Can we know the deep truth within, most especially if has been painful in a society that often teaches us that there is no more depth than the surface of what we see, or rather the surface society would have us believe we should see or will allow us to see?
This is a question that came to me this evening while watching episode four of The Affair which centres around two characters, male and female who begin an affair. The woman, Alison has lost a son to drowning two years before, her lover Noah is already married with his own family and is unaware when he first meets Alison that she is married, indeed Alison like many people who have gone through loss is keeping many secrets. In time, with great guilt and difficulty they launch on an affair, shortly after it begins an argument ensues when Noah discovers a cut on Alison’s leg. Her deep pain has caused her to self harm and when Noah sees the scar Alison acts in an abrupt and defensive fashion. Noah has no idea of what he has triggered by touching the scar but a short while later the painful truth comes out. Alison fully expects to be abandoned after she reveals her pain and that occasionally she self harms in order to ‘feel better’. As her pain breaks and just before they are to say good bye Alison says to Noah ‘what do you see?’
This question seemed so poignant to me. It spoke volumes of how we struggle with loss, with how we must appear, with the silent wound that suffering and loss bring, with the fear of revealing our pain to others, with the fear of being vulnerable and even with our right to have our authentic deep feelings in a society which often shames deeper more vulnerable emotions.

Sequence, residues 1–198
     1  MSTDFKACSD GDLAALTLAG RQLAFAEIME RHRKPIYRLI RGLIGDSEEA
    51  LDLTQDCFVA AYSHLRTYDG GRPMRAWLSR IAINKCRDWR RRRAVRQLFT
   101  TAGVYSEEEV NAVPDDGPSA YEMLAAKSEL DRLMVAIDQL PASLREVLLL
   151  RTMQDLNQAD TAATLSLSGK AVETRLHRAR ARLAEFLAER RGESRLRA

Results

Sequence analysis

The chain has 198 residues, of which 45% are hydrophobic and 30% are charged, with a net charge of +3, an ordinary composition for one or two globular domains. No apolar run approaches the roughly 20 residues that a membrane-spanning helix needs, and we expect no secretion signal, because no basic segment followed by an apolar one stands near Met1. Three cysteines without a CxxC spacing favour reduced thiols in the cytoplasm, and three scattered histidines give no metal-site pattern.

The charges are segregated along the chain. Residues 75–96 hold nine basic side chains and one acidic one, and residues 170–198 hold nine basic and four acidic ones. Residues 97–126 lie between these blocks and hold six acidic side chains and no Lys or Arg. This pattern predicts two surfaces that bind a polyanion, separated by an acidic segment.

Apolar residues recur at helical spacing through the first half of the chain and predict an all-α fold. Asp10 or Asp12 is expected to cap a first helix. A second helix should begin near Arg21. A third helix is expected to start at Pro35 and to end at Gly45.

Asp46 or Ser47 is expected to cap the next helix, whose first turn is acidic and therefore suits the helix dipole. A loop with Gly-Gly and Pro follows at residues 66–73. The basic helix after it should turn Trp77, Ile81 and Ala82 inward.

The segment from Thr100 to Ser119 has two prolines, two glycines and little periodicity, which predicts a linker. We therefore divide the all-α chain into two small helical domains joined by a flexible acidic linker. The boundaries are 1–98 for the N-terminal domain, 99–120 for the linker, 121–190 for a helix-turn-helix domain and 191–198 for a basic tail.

In my last relationship when old pain over losses came out I was often savaged. One most painful incident was following a visit to see my ex partner’s father who was dying of cancer. I had lost my own father quiet a few years before but the wound was very sore. When we had to leave I cried most of the long trip home. After we arrived home I received a blast for playing sad songs and crying. I was then told that I needed to put all of my grief behind me if I wanted the relationship to continue.
Luckily for Alison she doesn’t receive this treatment, the extent of her vulnerability deepens the intimacy between her and Noah. When Noah looks at Alison he doesn’t see something ugly that he wants to change or reject. The mirror of his eyes can reflect back her suffering. For those of us who suffer we so badly need this mirror, without it we get so lost and our pain has nowhere to go, so it gets stuffed back inside, maybe for years until we can find after a long journey someone who can see and provide a mirror of love for our wounded soul.